Inside The Boom: Sleeping In My Car

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Emily Guerin

Getting ready to go to sleep in the back seat of my Honda Civic during gale-force winds in North Dakota.

Getting ready to go to sleep in the back seat of my Honda Civic during gale-force winds in North Dakota.

Emily Guerin

I was up on the Fort Berthold Reservation in North Dakota last week doing some reporting on how the oil boom is influencing the election for tribal chairman there. I was kind of winging it and didn’t have a plan of where to stay that night. I knew it might be hard to find a hotel room, but figured there’d probably be space in the tribally-owned casino.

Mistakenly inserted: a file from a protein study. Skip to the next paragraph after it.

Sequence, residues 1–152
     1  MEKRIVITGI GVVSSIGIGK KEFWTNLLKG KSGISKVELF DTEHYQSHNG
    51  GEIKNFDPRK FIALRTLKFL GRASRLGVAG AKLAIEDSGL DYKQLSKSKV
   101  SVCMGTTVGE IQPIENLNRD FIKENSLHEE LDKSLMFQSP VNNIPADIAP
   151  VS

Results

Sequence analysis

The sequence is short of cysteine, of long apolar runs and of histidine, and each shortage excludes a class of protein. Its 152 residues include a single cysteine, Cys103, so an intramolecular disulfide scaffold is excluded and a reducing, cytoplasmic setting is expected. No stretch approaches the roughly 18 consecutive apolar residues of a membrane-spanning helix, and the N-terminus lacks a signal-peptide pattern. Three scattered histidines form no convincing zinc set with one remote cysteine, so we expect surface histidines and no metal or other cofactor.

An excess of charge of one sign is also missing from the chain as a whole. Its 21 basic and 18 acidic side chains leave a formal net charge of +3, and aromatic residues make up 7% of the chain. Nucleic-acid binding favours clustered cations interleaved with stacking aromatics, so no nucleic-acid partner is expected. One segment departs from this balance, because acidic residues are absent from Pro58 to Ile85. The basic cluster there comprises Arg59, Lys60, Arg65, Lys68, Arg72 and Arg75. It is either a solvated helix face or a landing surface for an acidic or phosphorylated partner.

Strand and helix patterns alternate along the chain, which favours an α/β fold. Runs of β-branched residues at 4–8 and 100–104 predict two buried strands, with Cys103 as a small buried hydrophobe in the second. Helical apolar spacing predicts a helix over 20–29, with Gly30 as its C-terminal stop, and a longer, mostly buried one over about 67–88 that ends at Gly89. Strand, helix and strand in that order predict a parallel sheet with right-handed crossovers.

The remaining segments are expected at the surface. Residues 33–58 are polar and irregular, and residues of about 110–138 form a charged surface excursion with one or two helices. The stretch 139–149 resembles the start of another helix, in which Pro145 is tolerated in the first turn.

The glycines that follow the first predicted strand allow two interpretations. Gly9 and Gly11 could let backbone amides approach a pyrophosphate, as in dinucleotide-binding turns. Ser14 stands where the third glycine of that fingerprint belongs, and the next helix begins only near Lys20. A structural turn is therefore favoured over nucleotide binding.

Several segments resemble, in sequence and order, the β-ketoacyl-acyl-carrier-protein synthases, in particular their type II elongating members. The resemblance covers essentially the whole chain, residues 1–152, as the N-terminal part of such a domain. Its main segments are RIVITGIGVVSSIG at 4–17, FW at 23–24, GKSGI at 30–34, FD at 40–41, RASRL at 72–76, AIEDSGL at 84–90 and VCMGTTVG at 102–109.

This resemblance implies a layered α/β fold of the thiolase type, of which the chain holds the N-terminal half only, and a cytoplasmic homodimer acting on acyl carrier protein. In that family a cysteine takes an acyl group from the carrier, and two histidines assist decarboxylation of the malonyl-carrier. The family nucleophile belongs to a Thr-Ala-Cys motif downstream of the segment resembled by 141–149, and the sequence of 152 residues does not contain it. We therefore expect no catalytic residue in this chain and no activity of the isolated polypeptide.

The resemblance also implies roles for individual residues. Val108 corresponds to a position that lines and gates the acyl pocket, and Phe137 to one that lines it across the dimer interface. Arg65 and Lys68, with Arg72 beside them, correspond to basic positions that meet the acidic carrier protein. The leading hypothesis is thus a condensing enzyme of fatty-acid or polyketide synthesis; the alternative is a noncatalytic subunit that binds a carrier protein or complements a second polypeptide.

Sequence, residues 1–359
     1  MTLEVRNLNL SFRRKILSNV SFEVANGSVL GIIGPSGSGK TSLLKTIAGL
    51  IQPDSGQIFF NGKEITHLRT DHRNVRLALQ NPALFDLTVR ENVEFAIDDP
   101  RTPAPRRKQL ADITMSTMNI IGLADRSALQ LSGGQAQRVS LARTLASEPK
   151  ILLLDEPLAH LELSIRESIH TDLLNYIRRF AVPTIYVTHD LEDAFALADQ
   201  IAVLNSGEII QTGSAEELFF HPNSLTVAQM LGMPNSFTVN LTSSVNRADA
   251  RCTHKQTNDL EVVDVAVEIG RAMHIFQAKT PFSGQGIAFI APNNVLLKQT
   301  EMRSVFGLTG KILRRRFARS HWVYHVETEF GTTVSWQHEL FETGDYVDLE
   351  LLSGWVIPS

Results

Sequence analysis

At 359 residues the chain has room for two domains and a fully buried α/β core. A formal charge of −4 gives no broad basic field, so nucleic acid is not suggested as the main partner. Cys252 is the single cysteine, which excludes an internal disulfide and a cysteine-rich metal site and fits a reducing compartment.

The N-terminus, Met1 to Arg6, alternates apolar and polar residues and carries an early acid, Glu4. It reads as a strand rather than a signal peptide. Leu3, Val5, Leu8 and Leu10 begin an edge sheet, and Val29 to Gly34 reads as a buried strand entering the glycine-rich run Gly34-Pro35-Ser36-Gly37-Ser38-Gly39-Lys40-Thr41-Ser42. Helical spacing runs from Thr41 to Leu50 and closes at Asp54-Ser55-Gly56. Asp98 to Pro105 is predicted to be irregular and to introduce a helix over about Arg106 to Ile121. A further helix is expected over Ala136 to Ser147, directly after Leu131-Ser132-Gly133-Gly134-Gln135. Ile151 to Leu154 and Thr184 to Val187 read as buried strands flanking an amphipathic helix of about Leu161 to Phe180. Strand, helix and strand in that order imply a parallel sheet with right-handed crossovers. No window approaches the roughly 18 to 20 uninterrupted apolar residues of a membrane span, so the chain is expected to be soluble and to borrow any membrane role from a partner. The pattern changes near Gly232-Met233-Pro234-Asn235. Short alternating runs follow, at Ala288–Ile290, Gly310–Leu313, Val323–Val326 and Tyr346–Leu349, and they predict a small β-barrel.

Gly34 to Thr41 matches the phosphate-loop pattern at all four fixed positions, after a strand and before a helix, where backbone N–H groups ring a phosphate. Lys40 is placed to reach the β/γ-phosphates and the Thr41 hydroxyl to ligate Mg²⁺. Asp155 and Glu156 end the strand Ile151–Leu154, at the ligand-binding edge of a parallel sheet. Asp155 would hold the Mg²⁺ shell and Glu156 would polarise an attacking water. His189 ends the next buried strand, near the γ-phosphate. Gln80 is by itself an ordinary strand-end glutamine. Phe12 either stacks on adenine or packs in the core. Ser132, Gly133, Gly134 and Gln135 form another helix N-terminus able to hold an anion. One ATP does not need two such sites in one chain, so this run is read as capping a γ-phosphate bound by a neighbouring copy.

Wrong.

Every single hotel in New Town was full. At one place, a teenage boy in a tee-shirt that said “Check out these guns” with arrows pointing to his arms wouldn’t rent a room to me because I was only staying for one night and they had a three-night minimum stay. Plus a $150 deposit—cash only—to be returned upon check out. “Lotsa guys trash the rooms,” he explained. I thought, do I look like someone who would trash a hotel room?

He told me to call back in a hour or two and if the room was still available, maybe he would rent it to me for the night—for $137. So I went and ate dinner at a little diner and called back. In the interim, someone had called and rented the room for the next three weeks.

So I got in my car and drove an hour south through wind and rain, veering around traffic cones and squinting to see the dotted line in the road as huge trucks hauled past me in the opposite lane. I pulled into Little Missouri State Park after dark and unpacked my sleeping bag. The wind was gusting so hard, the car shook. I decided not to set up my tent in the rain, so I slept, crunched up, in the back seat of my car, like so many other oilfield workers.